Working from home during this covid-inspired isolation can be either wonderful or a recipe for disaster for our health. It eliminates long stressful commutes, but also gives us constant access to snacks. It creates space in our day for self-care, but also abolishes any significant amount of incidental exercise (which personally is my favourite type of exercise).
Here are the 3 things I’m doing to help my body during self-isolation:
Time restricted eating (sometimes called intermittent fasting):
One of the challenges with extending our overnight fasting window is that we are often already at work when we choose to break our fast. This means that our food choices may not be as ideal as they would be if we could prepare our first meal of the day at home. There are many benefits to restricting our eating window, but for me it’s good for my digestive tract and helps me keep trim. My overnight fast goes from dinnertime with my kids (6pm) until 10 or 11am the next morning. So not a crazy fast, just no after dinner snacking, and pushing back my breakfast until I’m really really hungry. When I eat at 10/11am I make a big meal with tons of veggies, protein and fat, and this keeps me full until at least 2pm (at which time I get a little snacky). Here is a sample day:
- 10am breakfast: sliced and roasted sweet potato, large green olives, cabbage and kale fried in butter, avocado, an egg or chickpea flour egg, maybe a piece of gluten-free toast, and an anti-inflammatory smoothie (blueberries, kale, organic unsweetened soy milk, turmeric, black pepper, ginger, flax oil).
- 2pm snack: homemade vegan paleo cookies x 2 with chai rooibos tea.
- 6pm dinner: roasted free range chicken, carrot + turnip mash, broccoli.
Start and end your workday with fresh air:
We are SOOOooo fortunate that this period of isolation is coming in spring. Being able to easily get outside and move is so vital to thriving during social distancing. Schedule in a gentle early morning walk to let the primitive parts of your brain and being know that this is very distinctly a new day, and not a strange continuation of yesterday. And at the end of your workday get outside for a more intense burn-the-day-off kind of movement, and pair it with something you would normally do on your commute home from work like music, new radio, etc.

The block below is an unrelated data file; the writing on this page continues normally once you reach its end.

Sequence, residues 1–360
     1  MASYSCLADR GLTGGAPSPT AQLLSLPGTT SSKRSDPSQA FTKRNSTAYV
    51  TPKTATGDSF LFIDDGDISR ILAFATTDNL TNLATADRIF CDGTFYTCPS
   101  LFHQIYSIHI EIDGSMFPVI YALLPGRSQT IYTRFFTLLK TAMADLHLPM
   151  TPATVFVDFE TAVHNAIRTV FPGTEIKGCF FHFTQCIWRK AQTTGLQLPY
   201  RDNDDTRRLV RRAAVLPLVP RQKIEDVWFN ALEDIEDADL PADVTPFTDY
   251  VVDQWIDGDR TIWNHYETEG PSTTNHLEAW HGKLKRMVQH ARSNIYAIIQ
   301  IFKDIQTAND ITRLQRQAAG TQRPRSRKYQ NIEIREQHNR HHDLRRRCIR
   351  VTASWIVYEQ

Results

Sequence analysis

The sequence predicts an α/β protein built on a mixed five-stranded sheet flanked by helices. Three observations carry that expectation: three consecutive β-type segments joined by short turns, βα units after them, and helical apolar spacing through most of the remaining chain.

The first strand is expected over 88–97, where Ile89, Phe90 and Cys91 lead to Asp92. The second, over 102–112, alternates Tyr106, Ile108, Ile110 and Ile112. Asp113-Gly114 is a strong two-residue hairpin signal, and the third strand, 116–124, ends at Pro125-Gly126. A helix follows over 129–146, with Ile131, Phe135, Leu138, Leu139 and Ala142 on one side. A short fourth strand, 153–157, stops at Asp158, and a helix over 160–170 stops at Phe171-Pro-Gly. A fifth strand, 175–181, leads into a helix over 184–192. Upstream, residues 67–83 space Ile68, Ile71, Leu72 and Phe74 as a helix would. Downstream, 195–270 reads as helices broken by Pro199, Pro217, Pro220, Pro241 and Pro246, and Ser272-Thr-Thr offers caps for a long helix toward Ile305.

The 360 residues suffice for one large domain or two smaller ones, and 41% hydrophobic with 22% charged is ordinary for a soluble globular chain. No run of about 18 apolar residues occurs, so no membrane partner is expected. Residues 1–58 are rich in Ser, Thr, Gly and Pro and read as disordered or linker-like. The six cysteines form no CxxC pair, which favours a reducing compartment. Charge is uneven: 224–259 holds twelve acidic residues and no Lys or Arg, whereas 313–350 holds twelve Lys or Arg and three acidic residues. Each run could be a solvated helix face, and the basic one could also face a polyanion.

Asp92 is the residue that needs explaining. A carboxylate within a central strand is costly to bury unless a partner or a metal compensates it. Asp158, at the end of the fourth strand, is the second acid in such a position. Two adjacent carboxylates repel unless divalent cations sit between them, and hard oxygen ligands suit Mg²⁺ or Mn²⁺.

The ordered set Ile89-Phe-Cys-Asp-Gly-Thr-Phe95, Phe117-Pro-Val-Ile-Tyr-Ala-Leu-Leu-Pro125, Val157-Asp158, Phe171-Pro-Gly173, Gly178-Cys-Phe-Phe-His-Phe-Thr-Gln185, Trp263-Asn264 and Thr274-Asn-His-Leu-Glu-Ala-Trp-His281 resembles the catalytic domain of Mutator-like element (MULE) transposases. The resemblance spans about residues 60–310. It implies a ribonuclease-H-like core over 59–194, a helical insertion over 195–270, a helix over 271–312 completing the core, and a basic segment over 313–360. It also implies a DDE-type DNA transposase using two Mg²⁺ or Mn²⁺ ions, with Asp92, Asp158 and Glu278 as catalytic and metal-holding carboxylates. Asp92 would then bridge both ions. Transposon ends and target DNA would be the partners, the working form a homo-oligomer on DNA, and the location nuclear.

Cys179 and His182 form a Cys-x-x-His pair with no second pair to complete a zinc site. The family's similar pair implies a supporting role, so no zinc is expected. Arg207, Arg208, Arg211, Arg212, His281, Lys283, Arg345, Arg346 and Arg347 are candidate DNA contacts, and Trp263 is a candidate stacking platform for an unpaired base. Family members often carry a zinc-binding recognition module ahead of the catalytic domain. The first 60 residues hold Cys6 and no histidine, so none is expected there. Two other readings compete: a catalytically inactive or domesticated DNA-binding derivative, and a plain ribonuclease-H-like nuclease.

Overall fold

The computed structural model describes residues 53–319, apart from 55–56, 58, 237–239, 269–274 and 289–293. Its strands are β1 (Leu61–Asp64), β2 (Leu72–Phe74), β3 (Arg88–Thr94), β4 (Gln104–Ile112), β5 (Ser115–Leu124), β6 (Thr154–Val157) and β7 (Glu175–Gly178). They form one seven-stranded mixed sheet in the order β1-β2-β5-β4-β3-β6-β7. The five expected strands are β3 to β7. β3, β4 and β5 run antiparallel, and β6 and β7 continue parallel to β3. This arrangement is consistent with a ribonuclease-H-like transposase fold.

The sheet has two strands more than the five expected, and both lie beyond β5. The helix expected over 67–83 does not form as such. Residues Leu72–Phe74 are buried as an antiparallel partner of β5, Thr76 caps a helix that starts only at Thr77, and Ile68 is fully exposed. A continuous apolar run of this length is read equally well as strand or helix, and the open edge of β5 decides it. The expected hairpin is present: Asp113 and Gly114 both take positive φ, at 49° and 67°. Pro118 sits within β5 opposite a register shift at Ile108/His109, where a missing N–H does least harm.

Twist and turn… a lot! Yoga/stretching:
Most of us are generally moving less when we leave our house less. To feel good now, to bring blood flow and mobility to corners of our bodies, and to prevent chronic injuries it’s important that we put in the extra effort in the form of a night time movement practice. This can be 10 minutes of gentle yoga in front of the TV, foam rolling before bed, or any other little bit of movement that looks different from the type of movements you were doing in your workday. Make it short so that it’s easy to commit to and becomes a long-term practice.
This is also a great time to do the health experiments you’ve been meaning to do. Try that paleo or vegan diet, experiment with fasting, start a meditation practice, swap out TV time for reading in bed, prioritize sleep hygiene, etc. This period of social distancing can be very challenging for us on many levels, but can also be a tremendous opportunity to establish lifelong self-care practices.